CANADA

'Sweet as chocolate'

A beauty queen faces a media storm after she is charged with assault

SUSANNE HILLER November 11 1996
CANADA

'Sweet as chocolate'

A beauty queen faces a media storm after she is charged with assault

SUSANNE HILLER November 11 1996

'Sweet as chocolate'

A beauty queen faces a media storm after she is charged with assault

CANADA

Shortly before Danielle House graduated from Grade 12 at the only school in the tranquil fishing village of Daniel’s Harbour, Nfld., her classmates voted her the person most likely to become a celebrity. Last week, their prediction came true. After being charged with assaulting a young woman in a St. John’s bar, the tall, slim 20-year-old House—who was crowned Miss Canada International on Aug. 27—found herself in the eye of a media storm. Tabloid reporters from across the continent, including representatives of the National Enquirer and television’s Hard Copy and A Current Affair, besieged her with interview requests, all of which she turned down. Jay Leno, meanwhile, made the former Miss Newfoundland and Labrador the butt of late-night jokes. “I never would have dreamt that something this awful would happen and then make me famous,” House told Maclean’s, her voice cracking with emotion. “It’s sad, really.”

The highly publicized barroom incident took place on Oct. 18. House, who is in the third year of a nursing program at Memorial University in St. John’s, had gone to see a concert by a local band, The Irish Descendants, and then wandered over to the campus bar, the Breezeway. It was there, said House, that she bumped into her exboyfriend and his new girlfriend. Because of the pending court proceedings, House’s lawyers have told her not to discuss details that led to the other woman allegedly being punched in the face, suffering facial injuries and a chipped tooth. All the same, House, who is slated to enter a plea on Nov. 8, says she is anxious to tell her side of the story. “It’s so frustrating for me not to be able to defend myself,” she adds. “I’m very eager to get the truth out. The media have made it sound like there were chairs and tables flying. It wasn’t like that. There is so much the public does not know.”

During a brief news conference in St. John’s last week, a tearful House read from a prepared statement in which she said, “I have suffered the experiences of emotional and physical abuse prior to this incident and I wish to say that it had a direct impact in regards to this matter.” She later told Maclean’s that the alleged abuse at the hands of a former boyfriend had mainly to do with “mind games, harassment. He wouldn’t let me move on with my life and would say things that made me feel terrible.” House, who describes herself as “a very private person,” adds that she never thought she would be making such a public confession. “It’s hard to talk about, but I’ve decided I should go public,” she says. “I want to let other girls know that anyone can get involved in a damaging relationship. I didn’t really know what I was in at the time. But I received counselling after it ended and I’m getting counselling now.”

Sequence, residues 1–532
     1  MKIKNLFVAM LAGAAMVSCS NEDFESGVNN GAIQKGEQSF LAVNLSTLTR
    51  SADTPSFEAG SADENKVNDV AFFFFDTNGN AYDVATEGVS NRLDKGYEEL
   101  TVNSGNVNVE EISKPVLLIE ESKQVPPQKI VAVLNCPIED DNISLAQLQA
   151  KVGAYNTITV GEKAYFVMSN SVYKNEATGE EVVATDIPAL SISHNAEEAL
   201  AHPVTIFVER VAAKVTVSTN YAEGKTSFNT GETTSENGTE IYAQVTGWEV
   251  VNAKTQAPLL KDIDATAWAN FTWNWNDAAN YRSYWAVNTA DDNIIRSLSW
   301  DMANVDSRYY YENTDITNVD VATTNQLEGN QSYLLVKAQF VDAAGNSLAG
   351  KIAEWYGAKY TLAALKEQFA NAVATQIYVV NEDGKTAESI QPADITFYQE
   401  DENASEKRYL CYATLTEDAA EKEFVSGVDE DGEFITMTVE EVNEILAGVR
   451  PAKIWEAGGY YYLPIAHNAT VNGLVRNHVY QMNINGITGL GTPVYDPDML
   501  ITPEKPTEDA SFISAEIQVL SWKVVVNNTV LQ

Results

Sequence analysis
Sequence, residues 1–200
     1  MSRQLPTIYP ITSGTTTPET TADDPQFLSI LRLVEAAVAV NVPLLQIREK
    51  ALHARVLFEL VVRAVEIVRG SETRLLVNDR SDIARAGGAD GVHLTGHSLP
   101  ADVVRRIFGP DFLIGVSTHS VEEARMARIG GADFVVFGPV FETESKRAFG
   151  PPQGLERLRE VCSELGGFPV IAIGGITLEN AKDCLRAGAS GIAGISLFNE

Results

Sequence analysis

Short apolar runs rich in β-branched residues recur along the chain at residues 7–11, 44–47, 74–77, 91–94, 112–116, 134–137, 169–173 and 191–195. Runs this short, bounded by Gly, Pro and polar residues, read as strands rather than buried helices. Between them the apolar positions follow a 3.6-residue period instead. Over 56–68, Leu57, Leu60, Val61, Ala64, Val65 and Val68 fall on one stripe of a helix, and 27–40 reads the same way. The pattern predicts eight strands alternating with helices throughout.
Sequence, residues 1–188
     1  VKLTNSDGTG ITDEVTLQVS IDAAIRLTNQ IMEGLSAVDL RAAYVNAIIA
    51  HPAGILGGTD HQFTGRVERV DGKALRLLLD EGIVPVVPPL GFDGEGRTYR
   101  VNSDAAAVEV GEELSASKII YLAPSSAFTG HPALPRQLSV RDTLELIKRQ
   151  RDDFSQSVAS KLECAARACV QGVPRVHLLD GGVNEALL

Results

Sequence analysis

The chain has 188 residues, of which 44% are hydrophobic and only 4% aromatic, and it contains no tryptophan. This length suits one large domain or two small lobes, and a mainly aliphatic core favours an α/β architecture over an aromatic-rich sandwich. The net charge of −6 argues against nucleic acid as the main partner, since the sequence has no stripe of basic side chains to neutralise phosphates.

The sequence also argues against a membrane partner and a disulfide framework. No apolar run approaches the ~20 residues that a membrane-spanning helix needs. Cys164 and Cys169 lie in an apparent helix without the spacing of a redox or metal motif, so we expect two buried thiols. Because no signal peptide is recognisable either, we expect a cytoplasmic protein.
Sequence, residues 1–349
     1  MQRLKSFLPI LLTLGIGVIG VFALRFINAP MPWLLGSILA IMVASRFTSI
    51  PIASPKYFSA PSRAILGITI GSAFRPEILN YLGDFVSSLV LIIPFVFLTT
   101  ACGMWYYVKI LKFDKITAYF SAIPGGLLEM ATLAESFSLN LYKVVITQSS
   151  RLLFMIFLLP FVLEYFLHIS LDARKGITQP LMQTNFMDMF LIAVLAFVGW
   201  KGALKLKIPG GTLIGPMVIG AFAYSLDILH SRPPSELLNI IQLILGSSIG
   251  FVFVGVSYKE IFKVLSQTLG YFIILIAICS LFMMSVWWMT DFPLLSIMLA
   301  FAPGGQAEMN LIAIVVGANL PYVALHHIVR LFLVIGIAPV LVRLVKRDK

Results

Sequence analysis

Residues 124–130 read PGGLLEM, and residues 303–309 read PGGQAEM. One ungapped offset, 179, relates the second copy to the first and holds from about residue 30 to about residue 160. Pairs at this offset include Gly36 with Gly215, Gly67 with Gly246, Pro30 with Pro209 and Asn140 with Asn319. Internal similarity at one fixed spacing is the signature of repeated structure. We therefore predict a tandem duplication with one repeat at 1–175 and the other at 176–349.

House says that she has been so distraught over her arrest that she missed her midterm exams and plans to take the rest of the school term off. Her brush with unwelcome celebrity has also resulted in her disqualification from an international beauty pageant to be held in Jamaica on Nov. 23. According to pageant organizer Henry Antoine, the contest is not open to anyone charged with a criminal offence or involved in a situation that has “brought her into public disrepute, scandal, contempt or ridicule.” On the other hand, Sylvia Stark, director of the Miss Canada International Pageant, says she did not even consider dethroning the Newfoundland beauty. Instead, House will finish out her reign, touring the country and attending events such as this month’s Grey Cup parade in Hamilton. Stark, who says she has received hundreds of letters, faxes and calls in support of House, adds that “anybody who has worked with her or who knows her understands how seriously she takes her position as a public figure and what a good person she is.”

Much of the support for House is coming from fellow Newfoundlanders. On the only road leading into her home community, a village of 400 people on the island’s rugged west coast, stands a sign that reads: “Welcome to Daniel’s Harbour: Home of Miss Canada International, Danielle House.” Residents had spent weeks raising more than $3,000 through bingos, potluck dinners and dances to help send House to Jamaica for this month’s pageant. Following the charges, a petition supporting House quickly garnered 800 signatures from people in Daniel’s Harbour and neighboring communities. ‘We were all very disappointed,” says Abe Payne, principal of Holy Cross All-Grade school in Daniel’s Harbour. “We don’t know exactly what happened but we support her, regardless. Danielle was a model student. Quiet, never rowdy, and an excellent public speaker. She was the valedictorian of her class.”

Newfoundland open-line programs have also been inundated with calls praising House’s character, many of them echoing her St. John’s hairdresser, Corey Stuckless, who, in a phrase worthy of Forest Gump, says simply that, “Danielle is as sweet as a box of chocolates.” That may be so. For the time being, however, life for House is anything but sweet.

SUSANNE HILLER